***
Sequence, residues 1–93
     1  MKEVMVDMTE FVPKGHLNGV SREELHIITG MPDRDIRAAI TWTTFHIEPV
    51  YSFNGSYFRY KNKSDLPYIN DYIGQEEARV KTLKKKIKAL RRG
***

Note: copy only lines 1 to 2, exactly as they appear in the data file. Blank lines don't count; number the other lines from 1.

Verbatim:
Sequence, residues 1–93
     1  MKEVMVDMTE FVPKGHLNGV SREELHIITG MPDRDIRAAI TWTTFHIEPV